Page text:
Although the Beats service enters an incredibly crowded field of music services, there is significant evidence to support the continued strong growth of online music streaming. For example, Nielsen reports that U.S. consumers listened to 118.1 billion streams in 2013, up 32%. Although the vast majority of music streamers take advantage of the freemium offerings available, music provider Pandora notes that its subscription revenues have grown nearly four-fold since the third quarter of 2011. For the first half of its fiscal 2014, Pandora reports more than $56 million in subscriber revenue, an increase of 135% since last year. Further, company officials note that the service accounts for 8.4% of all radio listening hours in the U.S., beating satellite radio and all other Internet radio services combined.
Apple's AirPlay and the technology from the Digital Living Network Alliance (DLNA) are two key solutions aimed at bridging music from devices like smartphones and tablets and home audio equipment. Although there is no official listing of AirPlay-certified products, Amazon lists 760 speakers and 248 A/V receivers. DLNA reports that there are now 786 certified A/V receivers and speakers, a 20% increase from just April 2013.
Streaming music services themselves have also developed their own solutions to link mobile devices to in-home speakers. In September 2013, Spotify announced its own music connection technology called Spotify Connect. Like AirPlay or DLNA, consumers are simply able to designate which speakers should play music from mobile devices. Early hardware partners for Spotify Connect include Argon, Bang & Olufsen, Denon, Hama, Marantz, Philips, Pioneer, Revo, Teufel and Yamaha.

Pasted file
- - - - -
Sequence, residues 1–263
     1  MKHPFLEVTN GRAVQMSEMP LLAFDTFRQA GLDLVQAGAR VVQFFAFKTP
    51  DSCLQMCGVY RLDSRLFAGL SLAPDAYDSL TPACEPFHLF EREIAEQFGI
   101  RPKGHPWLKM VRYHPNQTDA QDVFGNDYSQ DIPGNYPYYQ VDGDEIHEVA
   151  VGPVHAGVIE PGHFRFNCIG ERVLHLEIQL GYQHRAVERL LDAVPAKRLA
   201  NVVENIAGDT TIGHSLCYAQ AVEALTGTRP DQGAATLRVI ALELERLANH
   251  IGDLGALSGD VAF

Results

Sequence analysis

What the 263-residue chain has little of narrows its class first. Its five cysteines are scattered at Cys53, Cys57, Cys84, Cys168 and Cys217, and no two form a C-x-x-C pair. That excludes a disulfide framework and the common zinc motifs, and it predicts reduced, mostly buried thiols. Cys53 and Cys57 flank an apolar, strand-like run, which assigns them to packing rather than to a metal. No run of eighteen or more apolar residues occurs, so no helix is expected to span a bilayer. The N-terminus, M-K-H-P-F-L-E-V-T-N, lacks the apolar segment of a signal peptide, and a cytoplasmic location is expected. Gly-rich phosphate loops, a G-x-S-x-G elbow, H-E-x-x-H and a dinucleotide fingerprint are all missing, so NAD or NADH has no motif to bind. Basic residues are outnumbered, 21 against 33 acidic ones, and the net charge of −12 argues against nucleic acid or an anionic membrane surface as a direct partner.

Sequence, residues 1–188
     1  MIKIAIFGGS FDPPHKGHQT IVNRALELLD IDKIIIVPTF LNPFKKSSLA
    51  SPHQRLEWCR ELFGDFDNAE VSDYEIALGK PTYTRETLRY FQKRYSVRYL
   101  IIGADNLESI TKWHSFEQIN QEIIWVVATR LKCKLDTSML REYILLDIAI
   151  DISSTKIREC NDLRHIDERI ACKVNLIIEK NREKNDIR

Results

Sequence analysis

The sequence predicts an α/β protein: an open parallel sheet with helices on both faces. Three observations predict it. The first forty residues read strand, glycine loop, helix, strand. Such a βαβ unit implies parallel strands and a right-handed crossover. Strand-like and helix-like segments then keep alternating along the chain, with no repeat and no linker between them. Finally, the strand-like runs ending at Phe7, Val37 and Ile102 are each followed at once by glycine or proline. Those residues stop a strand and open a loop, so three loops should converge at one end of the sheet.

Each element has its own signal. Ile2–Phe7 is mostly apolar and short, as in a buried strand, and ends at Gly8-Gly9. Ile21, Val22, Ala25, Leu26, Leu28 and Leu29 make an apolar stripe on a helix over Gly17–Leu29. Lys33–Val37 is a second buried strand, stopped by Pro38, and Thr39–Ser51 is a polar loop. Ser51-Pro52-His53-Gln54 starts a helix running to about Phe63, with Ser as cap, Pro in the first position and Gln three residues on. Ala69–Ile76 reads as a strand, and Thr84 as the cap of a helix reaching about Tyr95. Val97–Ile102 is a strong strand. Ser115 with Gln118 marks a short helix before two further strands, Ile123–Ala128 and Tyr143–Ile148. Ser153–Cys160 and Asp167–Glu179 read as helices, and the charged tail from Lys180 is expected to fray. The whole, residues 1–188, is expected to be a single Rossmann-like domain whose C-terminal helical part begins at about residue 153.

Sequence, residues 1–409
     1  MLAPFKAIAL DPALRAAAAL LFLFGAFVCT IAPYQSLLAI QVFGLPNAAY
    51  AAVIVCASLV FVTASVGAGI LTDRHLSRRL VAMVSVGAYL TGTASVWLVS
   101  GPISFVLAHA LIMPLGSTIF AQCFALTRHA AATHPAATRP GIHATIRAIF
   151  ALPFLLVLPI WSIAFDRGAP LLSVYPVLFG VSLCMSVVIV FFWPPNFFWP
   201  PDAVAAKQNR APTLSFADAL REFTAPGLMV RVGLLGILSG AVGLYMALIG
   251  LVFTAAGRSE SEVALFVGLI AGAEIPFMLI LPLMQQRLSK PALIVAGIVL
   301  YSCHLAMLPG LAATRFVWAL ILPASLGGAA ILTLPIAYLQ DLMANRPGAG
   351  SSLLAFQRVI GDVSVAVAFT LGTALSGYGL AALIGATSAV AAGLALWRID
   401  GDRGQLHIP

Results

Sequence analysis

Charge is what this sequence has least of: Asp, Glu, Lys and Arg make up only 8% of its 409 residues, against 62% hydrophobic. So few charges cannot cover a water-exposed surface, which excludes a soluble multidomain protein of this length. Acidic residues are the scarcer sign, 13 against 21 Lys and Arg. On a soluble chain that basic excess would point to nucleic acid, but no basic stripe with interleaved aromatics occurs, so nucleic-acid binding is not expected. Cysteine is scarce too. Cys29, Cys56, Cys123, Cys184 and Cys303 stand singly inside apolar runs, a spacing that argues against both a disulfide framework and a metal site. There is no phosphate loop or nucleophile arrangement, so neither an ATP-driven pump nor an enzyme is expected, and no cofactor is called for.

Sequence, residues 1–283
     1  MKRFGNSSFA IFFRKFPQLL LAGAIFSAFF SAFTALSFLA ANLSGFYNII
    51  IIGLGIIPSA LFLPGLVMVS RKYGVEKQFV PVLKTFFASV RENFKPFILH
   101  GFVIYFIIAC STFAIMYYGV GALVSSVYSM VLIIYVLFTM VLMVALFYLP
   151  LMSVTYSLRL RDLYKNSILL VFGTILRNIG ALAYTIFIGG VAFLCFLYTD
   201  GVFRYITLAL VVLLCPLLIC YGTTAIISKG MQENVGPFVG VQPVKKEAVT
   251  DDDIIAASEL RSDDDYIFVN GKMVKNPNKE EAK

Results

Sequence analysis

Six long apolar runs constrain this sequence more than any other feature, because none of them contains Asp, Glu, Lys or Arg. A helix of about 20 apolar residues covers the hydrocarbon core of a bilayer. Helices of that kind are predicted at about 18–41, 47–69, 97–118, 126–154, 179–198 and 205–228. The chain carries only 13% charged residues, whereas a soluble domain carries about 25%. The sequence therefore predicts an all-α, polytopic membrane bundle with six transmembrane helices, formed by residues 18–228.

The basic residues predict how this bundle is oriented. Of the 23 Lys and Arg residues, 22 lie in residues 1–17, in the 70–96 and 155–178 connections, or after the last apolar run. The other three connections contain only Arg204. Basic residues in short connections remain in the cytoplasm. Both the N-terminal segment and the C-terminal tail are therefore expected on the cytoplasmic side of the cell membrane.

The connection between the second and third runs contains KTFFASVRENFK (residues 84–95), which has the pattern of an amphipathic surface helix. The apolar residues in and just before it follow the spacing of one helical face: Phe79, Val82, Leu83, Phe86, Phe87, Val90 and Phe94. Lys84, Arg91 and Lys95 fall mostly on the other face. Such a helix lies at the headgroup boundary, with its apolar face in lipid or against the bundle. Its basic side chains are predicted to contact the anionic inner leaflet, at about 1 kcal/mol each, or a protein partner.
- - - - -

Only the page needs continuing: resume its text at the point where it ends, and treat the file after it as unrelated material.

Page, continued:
DTS introduced its solution to bridge mobile devices to speakers over standard Wi-Fi networks in 2012 (Play-Fi), and is an example of another type of company - in this case one involved in advanced audio processing formats - entering a burgeoning field. DTS announced a number of new partners implementing the Play-Fi solution at CES, including Phorus, vivo, Eastech Electronics Inc., Fenda Technology Co., Ltd., LiteOn Technology Corporation, Meiloon Industrial Co. Ltd., Solidex Audio Corporation, Tymphany Corporation, Wistron Corporation, Zylux Acoustic Corp. (all announced in this release), and Songza.